Archaeologists study the cultures and activities of past groups of people by excavating and analyzing what’s left of their built structures, tools, weapons, pottery, fire pits, and other artifacts. Geoarchaeologists explore the relationship between archaeological evidence and the geologic setting in which it is found. They analyze soil, sediment, and buried charcoal (possibly evidence of an ancient campfire) to locate potential archaeological sites and determine the age of found artifacts. They look for evidence of natural processes—eroded rocks, deposits of windblown sand, formation of soil—that altered and covered over archaeological sites and artifacts. Based on evidence, geoarchaeologists reconstruct past climates and natural environments that affected the daily lives PaleoIndians—the early inhabitants of North America.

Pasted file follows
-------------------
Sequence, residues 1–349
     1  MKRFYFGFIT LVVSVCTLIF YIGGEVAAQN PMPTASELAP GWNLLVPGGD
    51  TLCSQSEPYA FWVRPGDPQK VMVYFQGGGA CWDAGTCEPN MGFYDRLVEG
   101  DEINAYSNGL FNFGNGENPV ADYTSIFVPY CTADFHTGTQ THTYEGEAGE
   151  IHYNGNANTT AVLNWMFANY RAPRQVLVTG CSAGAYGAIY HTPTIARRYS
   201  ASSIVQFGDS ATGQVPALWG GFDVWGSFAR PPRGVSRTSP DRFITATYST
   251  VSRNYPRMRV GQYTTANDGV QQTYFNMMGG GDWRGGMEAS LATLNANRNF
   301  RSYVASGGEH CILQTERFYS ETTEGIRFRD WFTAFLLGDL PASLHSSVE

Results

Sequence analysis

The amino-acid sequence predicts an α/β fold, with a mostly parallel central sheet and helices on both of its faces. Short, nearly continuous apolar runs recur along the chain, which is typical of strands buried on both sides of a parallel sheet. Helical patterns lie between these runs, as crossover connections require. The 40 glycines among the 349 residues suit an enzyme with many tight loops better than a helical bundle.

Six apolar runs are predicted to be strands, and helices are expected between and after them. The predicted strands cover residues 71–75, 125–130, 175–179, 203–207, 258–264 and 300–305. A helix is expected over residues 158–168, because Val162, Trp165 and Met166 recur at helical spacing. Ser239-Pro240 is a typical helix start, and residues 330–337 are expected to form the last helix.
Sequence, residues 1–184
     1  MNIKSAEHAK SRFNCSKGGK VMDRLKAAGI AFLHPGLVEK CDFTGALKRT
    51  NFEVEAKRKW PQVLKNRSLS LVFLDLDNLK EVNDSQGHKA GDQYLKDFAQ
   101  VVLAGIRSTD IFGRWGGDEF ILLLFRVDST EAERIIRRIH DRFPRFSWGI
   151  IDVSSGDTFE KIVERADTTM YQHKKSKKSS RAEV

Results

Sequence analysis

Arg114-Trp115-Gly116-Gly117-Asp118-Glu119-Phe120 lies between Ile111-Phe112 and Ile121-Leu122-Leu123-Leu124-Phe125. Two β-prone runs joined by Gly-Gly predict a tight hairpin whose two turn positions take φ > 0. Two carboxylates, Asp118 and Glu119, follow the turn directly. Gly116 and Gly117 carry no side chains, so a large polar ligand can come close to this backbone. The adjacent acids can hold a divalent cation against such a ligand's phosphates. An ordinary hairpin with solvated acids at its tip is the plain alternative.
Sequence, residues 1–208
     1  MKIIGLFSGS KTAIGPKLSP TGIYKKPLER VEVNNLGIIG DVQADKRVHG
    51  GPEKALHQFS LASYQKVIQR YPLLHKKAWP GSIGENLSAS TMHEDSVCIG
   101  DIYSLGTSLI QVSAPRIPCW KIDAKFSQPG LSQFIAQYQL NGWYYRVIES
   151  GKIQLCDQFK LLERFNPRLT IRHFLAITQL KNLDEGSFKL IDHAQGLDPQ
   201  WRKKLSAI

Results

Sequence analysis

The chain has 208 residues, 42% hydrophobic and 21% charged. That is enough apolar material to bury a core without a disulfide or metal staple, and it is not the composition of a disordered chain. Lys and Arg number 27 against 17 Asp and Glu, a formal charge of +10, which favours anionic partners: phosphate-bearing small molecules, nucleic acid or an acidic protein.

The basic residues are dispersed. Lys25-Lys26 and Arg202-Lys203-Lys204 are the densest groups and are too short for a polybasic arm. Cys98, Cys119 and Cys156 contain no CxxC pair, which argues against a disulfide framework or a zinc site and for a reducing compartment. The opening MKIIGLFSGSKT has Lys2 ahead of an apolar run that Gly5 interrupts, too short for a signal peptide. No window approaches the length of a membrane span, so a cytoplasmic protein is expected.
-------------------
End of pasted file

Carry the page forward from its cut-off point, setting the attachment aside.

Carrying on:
In search of the earliest people on the plains

The Odyssey Archaeological Research Program at the University of Kansas is housed at the Kansas Geological Survey. The goal of the program is to find evidence of the first PaleoIndians in the Central Great Plains. In the process, researchers are striving to gain a better understanding of the late Pleistocene and early Holocene environments in which those early people lived.

At the Scheuerman mammoth site near Scott City, Kansas, scientists and KU students have been digging for clues that could tie the remains of a 15,500-year-old mammoth to nearby evidence of early stone-tool making. They are looking for geologic evidence that shows the toolmakers hunted and killed the mammoth, which would prove PaleoIndians lived in Kansas much earlier than now thought. It is known that PaleoIndians were in the area at least 11,000 years ago, and mammoths became extinct about 12,500 years ago.